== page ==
What is Sialadenitis?

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  • Written By: D. Jeffress
  • Edited By: Jenn Walker
  • Last Modified Date: 21 January 2020
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Sialadenitis refers to acute or chronic inflammation of one or more salivary glands in the face. Most instances of sialadenitis are the result of bacterial or viral infections, though adverse drug reactions, congenital deformities, and autoimmune disorders can also cause salivary gland problems. Common symptoms include facial pain and swelling, dry mouth, and mild fever. Treatment for sialadenitis depends on the underlying causes and may include oral antibiotics, warm compresses, or surgical intervention.

The majority of acute sialadenitis cases are caused by bacteria, especially Staphylococcus infections. Poor oral hygiene is a major risk factor for bacterial infection. Viral infections such as the mumps, herpes, and HIV can also lead to sudden salivary gland inflammation. Chronic sialadenitis is often the result of salivary stones, hard deposits of calcium and other minerals that build up in the glands and cause blockages. Less commonly, a person can experience this condition as a result of an immune system reaction to drugs administered to treat other glandular conditions.

Symptoms of sialadenitis can vary depending on the severity of an infection. Most people experience some degree of pain when opening their mouths, noticeable facial swelling, and skin redness. An individual may have an usually dry mouth or a persistent bad taste. In addition, fever is common with acute infections. An infected gland that is left untreated may develop a pus-filled abscess that can drain into the mouth and throat.


A dentist or primary care physician can usually diagnose a salivary gland infection by asking about symptoms, feeling the face, and testing saliva and blood for the presence of bacteria. A patient may be referred to a specialist for further testing if a diagnosis cannot be confirmed. Computerized tomography scans of the head and neck are often taken to determine the severity of swelling and look for possible signs of cancer.

Once the condition has been diagnosed, a specialist can determine the best course of treatment. Most bacterial infections can be relieved by taking antibiotics and practicing good oral hygiene. Medications are also available to lessen the severity of symptoms caused by viral infections. A patient may be instructed to massage his or her cheeks and apply a warm compress to help lessen swelling and pain.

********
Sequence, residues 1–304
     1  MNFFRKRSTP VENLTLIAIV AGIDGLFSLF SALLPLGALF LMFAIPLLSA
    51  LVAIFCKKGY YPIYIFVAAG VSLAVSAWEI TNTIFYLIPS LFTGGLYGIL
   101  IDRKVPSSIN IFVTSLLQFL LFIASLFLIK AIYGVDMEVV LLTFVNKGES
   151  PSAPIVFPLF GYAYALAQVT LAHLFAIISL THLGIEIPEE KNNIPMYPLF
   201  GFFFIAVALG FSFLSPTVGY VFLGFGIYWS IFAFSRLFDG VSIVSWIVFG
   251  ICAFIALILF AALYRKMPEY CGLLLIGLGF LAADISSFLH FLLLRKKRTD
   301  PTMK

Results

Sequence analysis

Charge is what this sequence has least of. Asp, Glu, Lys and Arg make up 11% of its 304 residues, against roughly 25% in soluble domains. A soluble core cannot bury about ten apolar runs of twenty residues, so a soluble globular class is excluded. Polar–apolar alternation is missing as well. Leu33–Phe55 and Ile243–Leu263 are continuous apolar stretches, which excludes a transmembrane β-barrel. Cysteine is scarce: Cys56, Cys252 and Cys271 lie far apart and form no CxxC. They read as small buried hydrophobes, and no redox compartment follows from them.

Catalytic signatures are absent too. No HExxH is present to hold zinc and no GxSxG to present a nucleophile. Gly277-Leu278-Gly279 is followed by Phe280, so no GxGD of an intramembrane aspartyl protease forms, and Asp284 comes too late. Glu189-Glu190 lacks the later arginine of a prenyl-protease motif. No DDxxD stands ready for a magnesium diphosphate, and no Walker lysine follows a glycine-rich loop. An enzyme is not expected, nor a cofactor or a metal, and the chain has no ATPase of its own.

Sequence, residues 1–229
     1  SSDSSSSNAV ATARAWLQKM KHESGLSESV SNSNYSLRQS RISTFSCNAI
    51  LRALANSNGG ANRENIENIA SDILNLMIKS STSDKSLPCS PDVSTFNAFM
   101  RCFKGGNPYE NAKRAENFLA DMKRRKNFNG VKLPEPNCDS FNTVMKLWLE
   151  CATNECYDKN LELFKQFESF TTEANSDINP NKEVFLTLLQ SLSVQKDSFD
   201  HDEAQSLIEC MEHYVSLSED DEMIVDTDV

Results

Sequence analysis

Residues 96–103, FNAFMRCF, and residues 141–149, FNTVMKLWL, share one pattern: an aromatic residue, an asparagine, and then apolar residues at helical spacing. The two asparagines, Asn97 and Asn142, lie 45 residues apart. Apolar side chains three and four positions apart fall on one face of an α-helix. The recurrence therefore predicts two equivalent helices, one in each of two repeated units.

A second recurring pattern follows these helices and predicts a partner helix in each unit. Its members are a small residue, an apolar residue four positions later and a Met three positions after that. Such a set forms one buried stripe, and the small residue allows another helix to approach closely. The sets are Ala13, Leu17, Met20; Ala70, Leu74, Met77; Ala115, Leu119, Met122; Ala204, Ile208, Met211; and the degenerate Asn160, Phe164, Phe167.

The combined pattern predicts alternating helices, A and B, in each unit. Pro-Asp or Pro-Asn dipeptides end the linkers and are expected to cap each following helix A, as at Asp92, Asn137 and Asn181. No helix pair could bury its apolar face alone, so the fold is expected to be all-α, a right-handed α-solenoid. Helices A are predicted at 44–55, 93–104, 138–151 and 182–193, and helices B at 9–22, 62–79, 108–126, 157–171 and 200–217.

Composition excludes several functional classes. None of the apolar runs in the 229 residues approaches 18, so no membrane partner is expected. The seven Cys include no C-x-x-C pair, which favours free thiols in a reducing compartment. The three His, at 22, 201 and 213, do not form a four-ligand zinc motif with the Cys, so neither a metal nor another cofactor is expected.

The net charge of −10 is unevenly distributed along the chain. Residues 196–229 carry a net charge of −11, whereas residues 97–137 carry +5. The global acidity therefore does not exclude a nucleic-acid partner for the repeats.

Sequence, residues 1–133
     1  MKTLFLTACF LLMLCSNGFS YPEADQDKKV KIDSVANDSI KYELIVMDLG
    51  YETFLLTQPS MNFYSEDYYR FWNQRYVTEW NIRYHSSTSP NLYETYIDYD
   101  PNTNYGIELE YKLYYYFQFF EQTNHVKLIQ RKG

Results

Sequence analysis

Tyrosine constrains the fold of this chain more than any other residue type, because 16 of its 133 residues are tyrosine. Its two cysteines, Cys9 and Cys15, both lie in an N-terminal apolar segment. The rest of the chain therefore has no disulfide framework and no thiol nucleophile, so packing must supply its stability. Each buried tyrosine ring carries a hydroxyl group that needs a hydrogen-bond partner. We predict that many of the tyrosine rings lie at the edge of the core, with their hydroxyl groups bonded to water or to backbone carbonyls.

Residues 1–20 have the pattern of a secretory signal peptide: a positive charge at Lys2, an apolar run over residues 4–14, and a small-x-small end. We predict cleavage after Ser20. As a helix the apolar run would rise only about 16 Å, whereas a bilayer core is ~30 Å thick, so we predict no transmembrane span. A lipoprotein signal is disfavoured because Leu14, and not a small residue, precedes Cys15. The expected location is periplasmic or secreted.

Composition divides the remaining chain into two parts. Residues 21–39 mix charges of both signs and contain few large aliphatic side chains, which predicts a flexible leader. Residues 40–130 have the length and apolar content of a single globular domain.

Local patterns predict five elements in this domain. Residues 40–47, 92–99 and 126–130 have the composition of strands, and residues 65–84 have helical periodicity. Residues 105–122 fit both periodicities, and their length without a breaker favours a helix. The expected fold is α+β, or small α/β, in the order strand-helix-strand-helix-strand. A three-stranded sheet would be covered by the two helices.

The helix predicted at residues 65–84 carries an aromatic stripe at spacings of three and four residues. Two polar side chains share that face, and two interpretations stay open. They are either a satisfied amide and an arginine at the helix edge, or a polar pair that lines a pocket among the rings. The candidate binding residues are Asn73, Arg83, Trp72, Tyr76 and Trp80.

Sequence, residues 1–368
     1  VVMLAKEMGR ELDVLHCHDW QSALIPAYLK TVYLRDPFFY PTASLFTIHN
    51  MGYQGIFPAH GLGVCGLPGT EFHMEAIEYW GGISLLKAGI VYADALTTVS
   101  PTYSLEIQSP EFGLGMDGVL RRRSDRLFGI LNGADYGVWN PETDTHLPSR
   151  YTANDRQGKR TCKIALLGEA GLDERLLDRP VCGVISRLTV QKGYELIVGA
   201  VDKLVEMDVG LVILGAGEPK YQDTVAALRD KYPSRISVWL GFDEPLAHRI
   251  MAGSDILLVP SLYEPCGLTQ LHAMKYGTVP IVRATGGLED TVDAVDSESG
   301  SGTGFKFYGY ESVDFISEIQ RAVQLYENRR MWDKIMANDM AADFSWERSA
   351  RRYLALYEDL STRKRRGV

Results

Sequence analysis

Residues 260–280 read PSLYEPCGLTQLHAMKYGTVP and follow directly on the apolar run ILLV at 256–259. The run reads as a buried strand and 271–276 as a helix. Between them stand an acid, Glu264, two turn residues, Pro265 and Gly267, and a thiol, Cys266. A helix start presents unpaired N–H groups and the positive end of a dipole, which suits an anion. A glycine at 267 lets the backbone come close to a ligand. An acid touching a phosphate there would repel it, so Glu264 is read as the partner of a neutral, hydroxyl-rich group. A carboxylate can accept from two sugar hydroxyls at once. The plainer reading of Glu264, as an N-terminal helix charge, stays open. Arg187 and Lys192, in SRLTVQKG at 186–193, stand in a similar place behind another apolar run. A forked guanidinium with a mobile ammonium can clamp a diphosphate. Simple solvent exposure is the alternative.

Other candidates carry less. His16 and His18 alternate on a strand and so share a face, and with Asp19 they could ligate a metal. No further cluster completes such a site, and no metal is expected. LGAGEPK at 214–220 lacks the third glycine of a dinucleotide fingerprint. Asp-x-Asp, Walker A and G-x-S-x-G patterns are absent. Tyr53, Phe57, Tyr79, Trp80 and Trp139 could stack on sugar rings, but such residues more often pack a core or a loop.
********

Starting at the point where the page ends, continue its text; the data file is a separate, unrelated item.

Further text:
A severe infection may require hospitalization and surgery to correct. A surgeon can aspirate the abscess by inserting a needle into the gland and extracting the pus. Rarely, an infection can necessitate surgical removal of part or all of a salivary gland. A patient who undergoes surgery is typically prescribed antibiotics and scheduled for follow-up visits to ensure the condition has resolved. With smart hygiene practice and regular trips to the dentist, most people do not experience recurring problems.


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Post 2

oops, sorry. It's not the submandibular gland but the lower part of the parotid. Inflammation started about seven years ago. anon136201

Post 1

I have been diagnosed with sialadenitis. Symptoms are swollen submandibular gland, no pain, no redness. The needle aspire shows cell component consisting of clear cytoplasmic foamy, acinar cells with round nuclei arranged in small groups, few ductal cells in a background with lymphocytes and some polymorphonuclear neutrophils. No malignity. Antibiotic and anti-inflammatory medication don't work. Any suggestions on what this could be?

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